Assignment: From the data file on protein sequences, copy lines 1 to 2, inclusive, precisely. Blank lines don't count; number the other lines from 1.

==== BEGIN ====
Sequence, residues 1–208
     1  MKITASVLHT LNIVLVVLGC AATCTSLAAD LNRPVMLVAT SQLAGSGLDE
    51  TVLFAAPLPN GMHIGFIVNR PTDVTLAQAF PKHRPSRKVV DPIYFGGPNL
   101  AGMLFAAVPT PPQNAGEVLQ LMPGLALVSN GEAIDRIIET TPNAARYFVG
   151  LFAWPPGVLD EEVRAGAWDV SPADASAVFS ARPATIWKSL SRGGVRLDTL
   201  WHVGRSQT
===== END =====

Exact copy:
Sequence, residues 1–208
     1  MKITASVLHT LNIVLVVLGC AATCTSLAAD LNRPVMLVAT SQLAGSGLDE